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Millennium Post

Economy amid a pandemic

As the Centre mulls over lockdown extension, likely to announce one today, kickstarting the economic wheel amidst strict regulations is inevitable. The threat of COVID-19 is widely understood and social distancing is perhaps the mantra for the next few months. But keeping a billion people under lockdown for large periods would prove very costly. Lockdowns are not equal for everyone; the plight of migrant labourers evidently conveyed that. While we may have ration to give out in large quantities for the next several months, basic ration provided to the poor alone is not the solution to a seemingly dystopian reality that has dawned upon us. More than the question of lockdown, India has to decide on the resumption of its economic activities that have taken a drastic hit since the third week of March. There have been discussions over a staggered exit strategy by the executive but taking cognisance of ground reality is a necessary precursor. In the next fourteen days, we shall witness the fruits of the national lockdown that was imposed back on March 24 to slow the spread of COVID-19. The decline in daily rise should be a motivation for the Centre to allow the resumption of economic activities across sectors albeit limitations to avoid any incident. Adhering to the widely accepted norms of masks, gloves, sanitizers as well as repeated disinfection of places and objects that can be a source of virus transmission, industrial units can resume activity. But they will have to ensure social distancing as well as function on a fraction of their workforce initially. Resuming with low staff and producing a fraction of their capacity would be a better alternative than staying shut in the wait to see the pandemic out. The uncertainty that the pandemic has brought along can topple all financial and economic planning, throwing industries, services and professionals into haywire. Hence, it is important to draw out plans for a gradual resumption of economic activities that would also allow for cash liquidity. Already, the Centre has taken steps to ensure that the agricultural harvest of rabi crops is unhindered due to the lockdown. Extending the benefit to certain other industries as well as services as the government deems fit would allow for an underperforming yet continuing economic cycle. ICAR has issued guidelines for harvesting, storage and marketing of rabi crops. In the same sense, other authorities can deliberate and come up with regulating norms so that business is resumed albeit with reasonable safeguards in place. Of course, they would require Centre's nod following the latter's extensive assessment of data over the spread of the virus and district-wise analysis of cases.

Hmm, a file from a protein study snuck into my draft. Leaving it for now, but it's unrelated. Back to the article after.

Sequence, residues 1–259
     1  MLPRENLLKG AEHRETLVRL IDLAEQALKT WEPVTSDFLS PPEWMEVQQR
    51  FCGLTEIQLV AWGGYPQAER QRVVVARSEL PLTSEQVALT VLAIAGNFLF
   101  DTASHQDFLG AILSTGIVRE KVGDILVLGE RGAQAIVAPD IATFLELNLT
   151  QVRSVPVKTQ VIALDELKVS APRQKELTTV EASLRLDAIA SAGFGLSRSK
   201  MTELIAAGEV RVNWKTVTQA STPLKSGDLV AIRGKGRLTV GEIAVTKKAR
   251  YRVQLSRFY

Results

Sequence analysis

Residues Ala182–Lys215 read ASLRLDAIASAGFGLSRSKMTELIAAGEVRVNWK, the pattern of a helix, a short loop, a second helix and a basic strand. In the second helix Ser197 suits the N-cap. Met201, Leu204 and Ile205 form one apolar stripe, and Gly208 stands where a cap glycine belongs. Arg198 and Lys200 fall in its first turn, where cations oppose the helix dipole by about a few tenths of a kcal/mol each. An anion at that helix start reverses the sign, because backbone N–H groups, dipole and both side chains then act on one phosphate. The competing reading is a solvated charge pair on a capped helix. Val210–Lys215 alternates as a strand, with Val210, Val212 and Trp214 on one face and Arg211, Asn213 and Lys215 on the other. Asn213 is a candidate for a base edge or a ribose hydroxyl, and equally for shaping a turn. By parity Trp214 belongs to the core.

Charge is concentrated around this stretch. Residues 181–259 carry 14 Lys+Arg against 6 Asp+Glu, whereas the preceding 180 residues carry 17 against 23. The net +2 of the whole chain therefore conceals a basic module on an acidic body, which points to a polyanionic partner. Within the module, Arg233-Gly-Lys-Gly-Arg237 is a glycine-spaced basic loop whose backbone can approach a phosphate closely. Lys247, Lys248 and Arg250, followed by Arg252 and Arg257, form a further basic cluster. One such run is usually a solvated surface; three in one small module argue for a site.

The lockdown has been helpful in allowing the Centre and states to take cognisance of their health infrastructure and ascertain preparedness levels in case of a sudden rise in cases. Though gradually, India is stepping up its testing regime and orders for additional PPEs and ventilators have been already made. The pharma companies are working round the clock to ensure efficient supply chains and Self-Help Groups have taken up the task of manufacturing masks that can be worn by the public at large. This is particularly of the essence since post-lockdown, masks would be a must for people when venturing out for any reason. While continued assessment of our health infrastructure is important, the second phase of lockdown should be utilised in deliberating on how to revive the economy. Slow strides can be made in this regard by restarting manufacturing units mainly in the least or unaffected districts with no inter-state travel. Such decisions, however, require more concrete data of where India stands with the COVID-19 spread. While the government prepares to take hard decisions, it must at all times ensure that each of its decisions must be taken keeping in mind the largely poor population that will invariably have to bear the brunt of the same.

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